Visual marking and change detection
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The preview benefit from prior exposure of response-irrelevant (distracter) objects in visual search has been accounted for in terms of top-down inhibition (i.e. visual marking), bottom-up abrupt onset capture, or asynchrony-dependent perceptual segregation. We assess the relative contribution of abrupt onset and visual marking in a paradigm combining visual search with a visual working memory task. We investigated time-based selection of multiple objects for storage in visual working memory, using a change detection paradigm (Luck and Vogel in Nature 390:279–281, 1997) with distracter preview. We varied preview exposure (short vs. long), in a series of three experiments. The contribution of asynchrony-related perceptual segregation was assessed across experiments by varying the complexity of the stimuli (colored squares, oriented bars and oriented T-shapes) and the type of change detection (color or orientation), resulting in different levels of perceptual segregation between visual elements. The results suggest that bottom-up abrupt onset, visual marking and perceptual segregation factors co-operate in time-based selection for storage in visual working memory.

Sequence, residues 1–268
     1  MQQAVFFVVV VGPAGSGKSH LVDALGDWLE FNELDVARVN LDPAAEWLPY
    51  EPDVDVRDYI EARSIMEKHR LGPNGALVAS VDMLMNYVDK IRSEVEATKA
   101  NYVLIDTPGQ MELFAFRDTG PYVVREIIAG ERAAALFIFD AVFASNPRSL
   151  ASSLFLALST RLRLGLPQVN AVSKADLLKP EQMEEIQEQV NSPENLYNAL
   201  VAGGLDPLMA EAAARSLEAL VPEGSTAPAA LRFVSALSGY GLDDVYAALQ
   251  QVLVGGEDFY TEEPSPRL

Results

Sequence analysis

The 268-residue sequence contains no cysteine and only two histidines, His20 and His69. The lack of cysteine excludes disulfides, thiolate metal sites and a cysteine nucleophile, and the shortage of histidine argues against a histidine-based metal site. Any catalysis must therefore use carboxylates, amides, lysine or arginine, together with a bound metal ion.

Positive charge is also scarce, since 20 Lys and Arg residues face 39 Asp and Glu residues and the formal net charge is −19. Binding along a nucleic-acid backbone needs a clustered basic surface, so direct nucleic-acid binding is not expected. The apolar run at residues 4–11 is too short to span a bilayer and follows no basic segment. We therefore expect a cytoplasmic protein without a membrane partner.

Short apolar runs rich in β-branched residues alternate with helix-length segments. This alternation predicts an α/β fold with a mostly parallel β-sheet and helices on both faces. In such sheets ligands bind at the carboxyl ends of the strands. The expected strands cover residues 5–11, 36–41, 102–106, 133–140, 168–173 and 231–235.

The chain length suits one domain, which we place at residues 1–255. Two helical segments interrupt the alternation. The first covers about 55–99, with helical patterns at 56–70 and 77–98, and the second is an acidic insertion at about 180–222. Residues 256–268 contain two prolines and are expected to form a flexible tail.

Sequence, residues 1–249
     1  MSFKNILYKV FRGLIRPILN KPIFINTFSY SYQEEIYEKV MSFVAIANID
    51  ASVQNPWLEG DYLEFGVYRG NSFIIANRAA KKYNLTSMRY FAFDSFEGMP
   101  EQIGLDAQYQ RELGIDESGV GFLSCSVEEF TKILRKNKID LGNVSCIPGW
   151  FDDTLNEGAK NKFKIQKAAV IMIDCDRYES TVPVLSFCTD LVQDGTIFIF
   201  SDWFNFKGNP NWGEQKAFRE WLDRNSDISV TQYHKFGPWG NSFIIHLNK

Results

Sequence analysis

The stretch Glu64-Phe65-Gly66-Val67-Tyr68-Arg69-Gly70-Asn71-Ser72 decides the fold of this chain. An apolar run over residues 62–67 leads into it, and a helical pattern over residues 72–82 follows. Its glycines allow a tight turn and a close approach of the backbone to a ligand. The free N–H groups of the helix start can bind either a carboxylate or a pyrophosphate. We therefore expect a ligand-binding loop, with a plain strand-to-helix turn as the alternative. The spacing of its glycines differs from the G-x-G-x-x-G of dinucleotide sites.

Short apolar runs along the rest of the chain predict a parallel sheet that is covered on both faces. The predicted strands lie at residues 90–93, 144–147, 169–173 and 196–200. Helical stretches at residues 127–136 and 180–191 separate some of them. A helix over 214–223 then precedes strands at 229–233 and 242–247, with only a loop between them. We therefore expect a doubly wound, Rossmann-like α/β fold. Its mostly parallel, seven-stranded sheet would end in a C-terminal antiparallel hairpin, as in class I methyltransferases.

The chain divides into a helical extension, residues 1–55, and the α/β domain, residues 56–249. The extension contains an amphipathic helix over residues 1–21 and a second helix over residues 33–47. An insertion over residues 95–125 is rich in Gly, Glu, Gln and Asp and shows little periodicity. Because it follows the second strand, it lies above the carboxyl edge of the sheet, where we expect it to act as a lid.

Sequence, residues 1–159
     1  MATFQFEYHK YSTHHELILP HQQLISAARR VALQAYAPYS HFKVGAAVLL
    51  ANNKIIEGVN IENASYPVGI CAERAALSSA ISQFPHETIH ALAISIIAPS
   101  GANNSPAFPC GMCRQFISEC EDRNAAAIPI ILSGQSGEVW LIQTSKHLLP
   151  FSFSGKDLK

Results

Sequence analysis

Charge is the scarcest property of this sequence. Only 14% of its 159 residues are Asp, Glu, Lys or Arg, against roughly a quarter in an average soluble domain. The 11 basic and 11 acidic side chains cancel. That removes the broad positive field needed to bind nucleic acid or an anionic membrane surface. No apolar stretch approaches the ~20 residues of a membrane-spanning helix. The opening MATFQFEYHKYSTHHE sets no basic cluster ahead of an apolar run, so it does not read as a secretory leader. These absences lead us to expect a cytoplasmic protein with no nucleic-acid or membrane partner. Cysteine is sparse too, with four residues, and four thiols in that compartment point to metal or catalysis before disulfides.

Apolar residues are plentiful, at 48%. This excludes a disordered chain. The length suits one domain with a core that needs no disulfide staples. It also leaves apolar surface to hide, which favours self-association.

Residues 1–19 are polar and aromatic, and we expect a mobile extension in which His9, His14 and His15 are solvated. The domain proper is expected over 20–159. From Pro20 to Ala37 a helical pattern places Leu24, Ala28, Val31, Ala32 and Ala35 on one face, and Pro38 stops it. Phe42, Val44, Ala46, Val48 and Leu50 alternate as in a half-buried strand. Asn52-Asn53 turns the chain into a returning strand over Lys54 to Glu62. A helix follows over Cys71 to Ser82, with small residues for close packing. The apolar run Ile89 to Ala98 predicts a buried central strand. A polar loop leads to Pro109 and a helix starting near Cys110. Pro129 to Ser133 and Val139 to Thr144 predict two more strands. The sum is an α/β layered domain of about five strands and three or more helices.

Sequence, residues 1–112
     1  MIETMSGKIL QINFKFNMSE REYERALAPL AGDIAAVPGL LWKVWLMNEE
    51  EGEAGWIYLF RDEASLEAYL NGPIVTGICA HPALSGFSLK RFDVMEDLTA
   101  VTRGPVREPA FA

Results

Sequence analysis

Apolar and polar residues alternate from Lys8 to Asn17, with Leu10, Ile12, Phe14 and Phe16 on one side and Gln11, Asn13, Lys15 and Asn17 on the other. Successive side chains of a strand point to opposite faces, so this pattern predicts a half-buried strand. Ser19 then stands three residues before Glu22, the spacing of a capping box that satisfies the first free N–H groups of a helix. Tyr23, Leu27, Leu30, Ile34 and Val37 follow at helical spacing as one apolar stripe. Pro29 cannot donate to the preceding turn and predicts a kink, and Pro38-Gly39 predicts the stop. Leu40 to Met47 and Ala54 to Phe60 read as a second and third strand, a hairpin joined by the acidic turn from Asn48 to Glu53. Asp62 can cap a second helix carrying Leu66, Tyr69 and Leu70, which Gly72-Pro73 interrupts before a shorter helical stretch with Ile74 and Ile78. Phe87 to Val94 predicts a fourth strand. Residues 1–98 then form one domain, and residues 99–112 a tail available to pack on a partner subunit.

KeywordsVisual marking Visual working memory Visual attention Change detection
We would like to thank Dave Barton, at the University of Sunderland, for his support in programming, and Valerie Bonnardel, Andrey Nikolaev and Michael Ziessler, for helpful comments on the manuscript. We would also like to thank Danny Dukes and Rachel Stalker for contribution in data collection and analysis. Finally, we would like to thank Michael Posner and two anonymous referees for important remarks and suggestions to improve the manuscript.
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